9. Storytell Failure: Create failure of the month storytelling – when failure is discussed and openly understood, companies can move forward and help a learning culture to develop and remove stigmas against failure. Companies who celebrate together in the good and the bad have the best company culture.
    Key for success: Thank the storyteller and engage with their failure  
  10. Unsung Heroes: Something that is rarely celebrated but should be are the unsung heroes in your business, the ones who go over and above the roles to ensure success happens, not just on projects but with developing and mentoring others.
    Key for success: Call out unsung heroes formally and informally
  11. Agreed Anthem: Have an anthem (a song, a sound or even a poem or film clip) that whenever played recreates a connection.
    Key for success: Refer to the athem and play regaulrly  

Best of luck rolling these out for your business, remember you can roll out some at a time to help start the ball rolling.

Categories
Leaders Letter Newsletter

Leaders Letter 71 – Pitching The BIG Idea

Dear leaders, this week I am going to tell you about a personal experience that might be a lesson or two to take forward.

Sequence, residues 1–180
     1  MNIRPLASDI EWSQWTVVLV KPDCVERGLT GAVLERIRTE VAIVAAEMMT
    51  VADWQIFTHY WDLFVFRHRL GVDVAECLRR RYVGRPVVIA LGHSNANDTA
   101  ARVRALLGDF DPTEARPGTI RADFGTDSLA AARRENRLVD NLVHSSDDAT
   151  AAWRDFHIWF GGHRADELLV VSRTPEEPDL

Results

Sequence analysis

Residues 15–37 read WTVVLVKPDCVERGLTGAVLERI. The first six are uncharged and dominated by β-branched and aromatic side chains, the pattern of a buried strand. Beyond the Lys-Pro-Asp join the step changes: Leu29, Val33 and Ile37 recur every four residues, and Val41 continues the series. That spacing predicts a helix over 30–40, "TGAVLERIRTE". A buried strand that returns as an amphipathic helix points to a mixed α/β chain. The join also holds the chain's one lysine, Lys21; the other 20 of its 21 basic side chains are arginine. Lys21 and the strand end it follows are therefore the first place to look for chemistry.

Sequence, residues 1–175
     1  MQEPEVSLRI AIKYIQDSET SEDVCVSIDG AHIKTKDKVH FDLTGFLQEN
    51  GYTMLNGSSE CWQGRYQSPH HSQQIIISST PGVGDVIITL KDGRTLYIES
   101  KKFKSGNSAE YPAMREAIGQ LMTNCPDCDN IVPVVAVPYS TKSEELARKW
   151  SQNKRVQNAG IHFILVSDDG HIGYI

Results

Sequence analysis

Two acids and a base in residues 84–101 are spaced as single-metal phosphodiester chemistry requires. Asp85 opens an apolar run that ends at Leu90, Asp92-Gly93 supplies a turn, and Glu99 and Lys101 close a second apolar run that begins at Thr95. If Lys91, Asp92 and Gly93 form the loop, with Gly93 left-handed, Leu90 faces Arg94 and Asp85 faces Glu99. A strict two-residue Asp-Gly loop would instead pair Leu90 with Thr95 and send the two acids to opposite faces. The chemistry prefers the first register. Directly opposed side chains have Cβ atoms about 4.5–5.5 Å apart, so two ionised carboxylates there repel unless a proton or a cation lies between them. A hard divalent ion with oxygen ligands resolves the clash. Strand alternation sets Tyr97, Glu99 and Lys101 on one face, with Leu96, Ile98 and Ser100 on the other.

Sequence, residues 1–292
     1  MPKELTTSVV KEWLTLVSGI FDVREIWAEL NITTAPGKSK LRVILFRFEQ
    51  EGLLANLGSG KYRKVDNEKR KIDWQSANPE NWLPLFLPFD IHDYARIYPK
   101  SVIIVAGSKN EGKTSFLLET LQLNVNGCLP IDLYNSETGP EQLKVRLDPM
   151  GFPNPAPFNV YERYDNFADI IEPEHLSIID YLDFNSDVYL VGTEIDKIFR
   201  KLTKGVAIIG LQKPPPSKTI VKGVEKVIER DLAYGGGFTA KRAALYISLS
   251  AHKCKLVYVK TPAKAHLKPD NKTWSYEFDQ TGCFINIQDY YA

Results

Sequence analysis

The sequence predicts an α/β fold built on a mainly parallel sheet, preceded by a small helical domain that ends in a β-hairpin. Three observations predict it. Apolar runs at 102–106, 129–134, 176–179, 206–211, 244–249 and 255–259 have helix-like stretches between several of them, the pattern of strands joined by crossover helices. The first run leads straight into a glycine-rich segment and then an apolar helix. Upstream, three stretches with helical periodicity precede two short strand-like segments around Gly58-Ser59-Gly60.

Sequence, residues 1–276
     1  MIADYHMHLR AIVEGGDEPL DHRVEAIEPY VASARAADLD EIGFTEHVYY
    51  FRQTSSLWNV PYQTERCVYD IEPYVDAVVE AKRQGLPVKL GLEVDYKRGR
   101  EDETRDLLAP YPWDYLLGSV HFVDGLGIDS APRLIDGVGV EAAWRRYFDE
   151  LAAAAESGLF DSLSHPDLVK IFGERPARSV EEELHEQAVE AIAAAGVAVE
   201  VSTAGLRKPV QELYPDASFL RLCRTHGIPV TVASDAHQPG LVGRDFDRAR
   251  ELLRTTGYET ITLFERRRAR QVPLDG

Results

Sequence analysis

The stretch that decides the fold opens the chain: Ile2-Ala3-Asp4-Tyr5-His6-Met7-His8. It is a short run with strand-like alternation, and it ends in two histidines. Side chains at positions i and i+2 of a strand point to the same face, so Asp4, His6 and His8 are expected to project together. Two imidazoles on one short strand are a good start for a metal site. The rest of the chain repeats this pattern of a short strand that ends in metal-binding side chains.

I had a BIG idea, I crafted an aesthetically and numbers perfect 22 slide deck (with a huge FAQ and appendix), the idea was reshaping the business I was on the local leadership team and opening up the business to offer three new services that would have answered more customer problems, enable a global launch and create a bigger impact. 

Categories
Strategy

Has your business stepped too far away from your customer’s problems?

One of my fundamental beliefs is the best and most successful companies were set up to fix existing problems and then some were set up to help fix the next wave of problems.   

The best and most successful business strategies in the world are based on problem-solving.   

The most successful companies either help to fix said problems, help consumers to solve the problem or matchmake the consumer and the right solution or solution provider. 

The art of business always needs a middle person to connect problems with problem solvers. 

One of the core issues many companies face is getting to a size where they stop solving core issues for their customers. 

Categories
Anonymous Career Advice

How To Connect Company & Company Leadership Team

In this week’s anonymous career advice column, we hear from someone who is facing common struggles many of us do. 

Dear focus, many of the company is struggling with connecting with their bosses and the ELT. They are disconnected and really wrestle with being approachable and being able to commit to the direction we are going. Any tips?